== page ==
objections to this R&R with the Court and serve a copy on
all parties. The document should be captioned
"Objections to Magistrate Judge's Report and
Recommendations." Any request for additional time to
file objections should be filed with the Clerk for
consideration by the assigned district judge.
the objections period has ended, the Clerk shall submit this
R&R together with any objections to the assigned district
judge. The district judge will review the magistrate
judge's findings and recommendations pursuant to 28
U.S.C. § 636(b)(1)(C). The parties are advised that
failure to timely file objections will result in the waiver
of rights on appeal. 11th Cir. R. 3-1; see Symonett v.
V.A. Leasing Corp., 648 F.App'x 787, 790 (11th Cir.
2016); Mitchell v. U.S., 612 F.App'x 542, 545
(11th Cir. 2015).
REPORTED AND RECOMMENDED.
 Her amended allegations show that this
Court does not have diversity jurisdiction. Diversity
jurisdiction requires, among other things, that the parties
are "citizens of different States." 28 U.S.C.
§ 1332(a)(1). "Citizenship is the equivalent of
'domicile' for purposes of diversity jurisdiction
..." which "is the place of his true, fixed, and
permanent home and principal establishment, and to which he
has the intention of returning whenever he is absent
therefrom." McCormick v. Aderholt, 293 F.3d
1254, 1257-58 (11th Cir. 2002). Rivera alleges that both she
and Anna Highsmith reside in Savannah, Georgia. Doc. 4 at 2.
Thus both appear to be citizens of the State of Georgia,
precluding diversity jurisdiction.
 Rivera's allegations, even as
amended, are hardly clear. Where a plaintiff has been allowed
to proceed without paying the full filing fee, the Court must
"dismiss the case at any time, if the court determines
that. . . [it] fails to state a claim on which relief can be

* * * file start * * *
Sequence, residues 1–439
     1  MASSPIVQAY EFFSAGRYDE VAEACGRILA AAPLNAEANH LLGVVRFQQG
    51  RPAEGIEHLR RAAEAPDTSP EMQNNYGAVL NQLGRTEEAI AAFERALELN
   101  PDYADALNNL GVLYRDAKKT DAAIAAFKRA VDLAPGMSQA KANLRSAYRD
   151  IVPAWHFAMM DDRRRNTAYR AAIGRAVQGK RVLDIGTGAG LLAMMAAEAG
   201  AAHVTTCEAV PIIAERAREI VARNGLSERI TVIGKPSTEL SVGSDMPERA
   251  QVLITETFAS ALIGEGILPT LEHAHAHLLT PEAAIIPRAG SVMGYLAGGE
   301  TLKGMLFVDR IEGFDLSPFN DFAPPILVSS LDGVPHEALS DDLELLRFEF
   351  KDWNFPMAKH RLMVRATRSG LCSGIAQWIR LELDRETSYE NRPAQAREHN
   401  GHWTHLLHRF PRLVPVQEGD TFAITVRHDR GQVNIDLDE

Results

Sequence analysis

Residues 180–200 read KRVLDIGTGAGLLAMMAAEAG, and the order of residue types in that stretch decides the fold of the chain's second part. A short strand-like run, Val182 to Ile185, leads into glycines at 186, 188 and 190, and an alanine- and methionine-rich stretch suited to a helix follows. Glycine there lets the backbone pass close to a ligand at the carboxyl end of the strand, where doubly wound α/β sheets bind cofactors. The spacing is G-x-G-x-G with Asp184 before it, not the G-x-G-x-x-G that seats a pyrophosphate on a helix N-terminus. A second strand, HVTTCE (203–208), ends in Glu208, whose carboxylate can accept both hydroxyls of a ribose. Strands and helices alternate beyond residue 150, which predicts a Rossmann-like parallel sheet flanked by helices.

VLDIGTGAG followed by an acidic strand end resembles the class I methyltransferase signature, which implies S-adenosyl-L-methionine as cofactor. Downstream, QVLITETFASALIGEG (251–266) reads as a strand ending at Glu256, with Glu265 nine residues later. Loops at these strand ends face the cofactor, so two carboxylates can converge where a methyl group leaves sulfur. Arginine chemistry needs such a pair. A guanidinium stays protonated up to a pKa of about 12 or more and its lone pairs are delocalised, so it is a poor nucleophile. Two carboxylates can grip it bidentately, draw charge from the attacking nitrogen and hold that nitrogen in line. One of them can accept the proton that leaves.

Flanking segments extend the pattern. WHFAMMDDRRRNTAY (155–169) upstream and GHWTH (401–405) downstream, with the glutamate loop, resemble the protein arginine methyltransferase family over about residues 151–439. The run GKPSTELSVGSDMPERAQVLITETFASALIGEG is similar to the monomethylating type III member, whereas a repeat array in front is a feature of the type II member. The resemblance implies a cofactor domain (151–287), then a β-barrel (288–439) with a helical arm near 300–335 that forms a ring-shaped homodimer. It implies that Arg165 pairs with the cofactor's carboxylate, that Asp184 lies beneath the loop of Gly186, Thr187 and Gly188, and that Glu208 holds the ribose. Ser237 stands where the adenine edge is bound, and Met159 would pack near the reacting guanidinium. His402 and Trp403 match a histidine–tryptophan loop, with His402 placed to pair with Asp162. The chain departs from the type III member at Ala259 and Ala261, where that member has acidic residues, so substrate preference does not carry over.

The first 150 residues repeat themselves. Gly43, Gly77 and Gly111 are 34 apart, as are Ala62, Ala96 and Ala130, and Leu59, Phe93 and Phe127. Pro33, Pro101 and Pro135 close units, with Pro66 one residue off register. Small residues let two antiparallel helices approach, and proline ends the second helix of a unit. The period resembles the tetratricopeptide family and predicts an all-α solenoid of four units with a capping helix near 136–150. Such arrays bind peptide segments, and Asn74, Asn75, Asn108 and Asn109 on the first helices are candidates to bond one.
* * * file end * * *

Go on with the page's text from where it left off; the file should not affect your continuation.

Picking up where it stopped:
granted." 28 U.S.C. § 1915(e)(2)(B)(ii). Although
Rivera's allegations are cogent enough for the Court to
discern their general thrust, it is not clear that they are
sufficient to state a claim. See, e.g., Ashcroft v.
Iqbal, 556 U.S. 662, 678 (2009) (a viable
"complaint must contain sufficient factual matter,
accepted as true to state a claim to relief that is plausible
on its face." (quotes and cite omitted)). But since the
Court's subject matter jurisdiction is not sufficiently
established, further analysis of the claims' factual
bases is unnecessary.
In addition to the amended Complaint Rivera submitted
to comply with the Court's directive, she has also
submitted a second amended Complaint. That document is a
printout of her original filed Complaint with additional
marginal notations. Doc. 7. Several of the notations list
Mary Highsmith among the defendants, although there are no
clear allegations against her. Id. at 1, 6. Whatever
Rivera's intent in submitting the second amended
Complaint, like the first two, it fails to show any basis for
this Court's jurisdiction.
 Rivera has attached a printout
referencing IRS regulations concerning the treatment of life
tenancies for tax purposes. See doc. 4 at 8. At the
bottom of the printout, Rivera has written "[m]ore proof
federal law [sic]." Id. However, even liberally